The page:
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As we came in, they had both menus out, and you could just tell them that you wanted to do the Pif menu or the Ansill menu.  No mixing of the two, for now at least.

They are serving the same desserts on both menus, I was at Ansill on Saturday night and the financier, fondant, and mousse were all on there. We did the cheese plate instead as desserts there usually don't measure up to the greatness of the savory dishes, but now that I see the pics I think maybe we made a mistake.

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  • 1 month later...

Ok, so I was more than a little late in finally getting to Ansill last Saturday. Overall impressions were solid, though I did run into a poorly executed dish and found both the beer list and especially the wine list to be on the weak side. Some thoughts about the food:

Our “starter” plates included a marinated olive mixture, roasted beets, pigs’ trotters and steak tartare (missing the final “e” on the menu). The olives and beets succeeded by virtue of quality ingredients. The lightly pickled, just slightly snappy beets were accompanied by a few sections of orange, lending a bright, citrus accent to the beets’ sweet, earthy and briny core. Perched atop a generous portion of steak tartare, in a play on the traditional hen’s egg, was a raw quail’s egg. A bold hand with use of purple mustard along with the more usual seasonings made for a high level of zestiness, nearly overwhelming the simple pleasures of the beef itself. The steak’s freshness, though, was unquestionable. Pigs’ trotters were roasted, the meat shredded from the hooves and then rolled with parsley and seasonings before being compressed, sliced and finally pan fried. Served with a toss of pickled red cabbage, they were juicy little medallions of goodness, far removed from any visual association with their original place in the food chain.

If there was a weak point with regards to the food, it came in the form of my “larger plate” selection: pappardelle with venison, pancetta and truffle butter. That truffle butter was not in evidence; the pancetta made nary an impact. Larger issues were at hand though. The pasta was overcooked. So was the venison – tender yet braised for so long as to rob the meat of its very venison-ness. Celery, as it turned out, was the dominating flavor of the dish. Oh well…. In order to have a vegetable somewhere in the trotter, tartare and venison mix, I’d ordered a plate of (non-vegan) Brussels sprouts as well. Roasted to a nice exterior char and infused with a touch of bacon, the sprouts helped to make up for the main course disappointment. So did dessert, which brought the food-related quality of the experience right back to where it had been. A light, creamy cup of chestnut mousse, dressed up with a ginger snap garnish, was a simple delight.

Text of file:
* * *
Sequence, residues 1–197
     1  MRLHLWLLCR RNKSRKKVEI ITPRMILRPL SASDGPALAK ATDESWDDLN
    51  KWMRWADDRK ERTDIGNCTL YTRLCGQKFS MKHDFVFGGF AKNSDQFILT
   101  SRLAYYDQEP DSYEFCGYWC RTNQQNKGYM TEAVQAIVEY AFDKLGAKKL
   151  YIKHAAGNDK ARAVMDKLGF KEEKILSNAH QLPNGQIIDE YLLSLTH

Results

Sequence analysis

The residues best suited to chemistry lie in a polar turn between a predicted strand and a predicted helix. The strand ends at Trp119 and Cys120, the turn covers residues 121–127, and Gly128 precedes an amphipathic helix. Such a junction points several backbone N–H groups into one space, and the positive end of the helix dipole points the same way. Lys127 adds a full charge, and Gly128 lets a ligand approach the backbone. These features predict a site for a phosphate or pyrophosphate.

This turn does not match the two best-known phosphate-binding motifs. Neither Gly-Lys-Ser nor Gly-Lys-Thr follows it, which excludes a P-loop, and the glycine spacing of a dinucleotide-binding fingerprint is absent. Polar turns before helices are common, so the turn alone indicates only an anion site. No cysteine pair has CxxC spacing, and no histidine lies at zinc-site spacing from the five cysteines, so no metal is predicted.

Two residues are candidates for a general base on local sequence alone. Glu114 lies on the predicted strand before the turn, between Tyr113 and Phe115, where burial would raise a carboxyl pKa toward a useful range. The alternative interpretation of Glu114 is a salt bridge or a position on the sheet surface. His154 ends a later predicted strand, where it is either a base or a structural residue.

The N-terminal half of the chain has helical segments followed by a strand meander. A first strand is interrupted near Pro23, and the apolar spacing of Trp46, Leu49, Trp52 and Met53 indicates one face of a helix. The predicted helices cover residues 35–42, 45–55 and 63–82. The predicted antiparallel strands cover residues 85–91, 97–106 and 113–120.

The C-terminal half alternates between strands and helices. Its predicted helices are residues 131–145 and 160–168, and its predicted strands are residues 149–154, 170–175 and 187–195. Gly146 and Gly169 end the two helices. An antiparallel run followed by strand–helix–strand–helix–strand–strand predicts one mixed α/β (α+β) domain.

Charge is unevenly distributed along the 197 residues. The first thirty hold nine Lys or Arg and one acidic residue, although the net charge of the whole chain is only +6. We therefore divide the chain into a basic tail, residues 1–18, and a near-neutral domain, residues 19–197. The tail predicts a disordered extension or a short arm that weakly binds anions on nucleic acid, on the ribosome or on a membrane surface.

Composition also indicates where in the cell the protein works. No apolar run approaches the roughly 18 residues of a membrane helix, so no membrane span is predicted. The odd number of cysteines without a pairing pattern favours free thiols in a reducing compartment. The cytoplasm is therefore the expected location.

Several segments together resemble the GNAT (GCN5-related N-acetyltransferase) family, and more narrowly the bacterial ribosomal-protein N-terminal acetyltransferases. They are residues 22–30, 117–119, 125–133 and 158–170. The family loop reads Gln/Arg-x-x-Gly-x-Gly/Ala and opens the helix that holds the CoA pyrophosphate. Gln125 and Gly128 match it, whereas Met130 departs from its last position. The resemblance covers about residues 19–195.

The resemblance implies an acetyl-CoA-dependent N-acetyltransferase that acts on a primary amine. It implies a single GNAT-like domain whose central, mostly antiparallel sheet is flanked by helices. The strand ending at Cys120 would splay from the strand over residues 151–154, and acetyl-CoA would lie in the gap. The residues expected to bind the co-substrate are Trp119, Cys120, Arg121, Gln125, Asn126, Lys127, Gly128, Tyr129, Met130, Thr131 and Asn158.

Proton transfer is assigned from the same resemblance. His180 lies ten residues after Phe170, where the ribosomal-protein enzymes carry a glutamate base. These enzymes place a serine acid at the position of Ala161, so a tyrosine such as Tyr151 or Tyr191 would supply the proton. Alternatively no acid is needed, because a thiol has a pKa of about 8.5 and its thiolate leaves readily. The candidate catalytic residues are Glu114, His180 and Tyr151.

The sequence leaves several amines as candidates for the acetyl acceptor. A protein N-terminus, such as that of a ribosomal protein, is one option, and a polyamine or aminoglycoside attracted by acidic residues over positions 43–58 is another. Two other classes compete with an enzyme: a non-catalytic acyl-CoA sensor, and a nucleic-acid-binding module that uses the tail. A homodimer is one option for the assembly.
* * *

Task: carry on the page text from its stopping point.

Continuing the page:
A more complete write-up, with photos, can be found at: Ansill Food & Wine.

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  • 6 months later...

Bringing this back up: did anyone go for the Jun 20th event? I quote:

European-style BBQ! Bring your appetite; we’ll bring the food. Thirty dollars gets you a heaping plate for two. With roasted pig, assorted grilled meats, and marinated vegetables you’re bound to be in back-yard heaven. With an excellent selection of ice cold beers on tap, and the best AC in the city to sweeten the deal, why wouldn’t you be there?

I would've liked to be on the right side of the ocean, though I guess Ansill is now last year's news.

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  • 2 weeks later...

I have reservations for my upcoming trip (Wednesday, July 30th), and I wanted to check on the dress code. Any help would be greatly appreciated.

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Casual is fine. Ansill isn't a white tablecloth type of place. There will be folks in everything from jeans and T-shirts to suits in there.

Katie M. Loeb
Booze Muse, Spiritual Advisor

Author: Shake, Stir, Pour:Fresh Homegrown Cocktails

Cheers!
Bartendrix,Intoxicologist, Beverage Consultant, Philadelphia, PA
Captain Liberty of the Good Varietals, Aphrodite of Alcohol

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  • 2 months later...

I hit Ansill for their Sunday night "Pif Prix Fixe" on Sunday. Here's a snapshot of what we ordered and (mostly) enjoyed:

The signature dish from the days of Pif – escargots plump and redolent of butter and Pernod, served alongside a head of sweet, nutty roasted garlic – practically disappeared before it even hit the table, certainly long before I could train the camera and snap a picture. The salad of red beets, first roasted and then marinated, delivered a nice sweet and sour contrast that paired well with its topping of fresh goat cheese. The only slightly ill conceived dish of the starters was the mussel soup. It’s not that it lacked flavor, just that it lacked depth. A spike of red pepper was the predominant flavor in the broth and soggy croutons did little to help, though freshly sliced scallions livened up the dish a bit.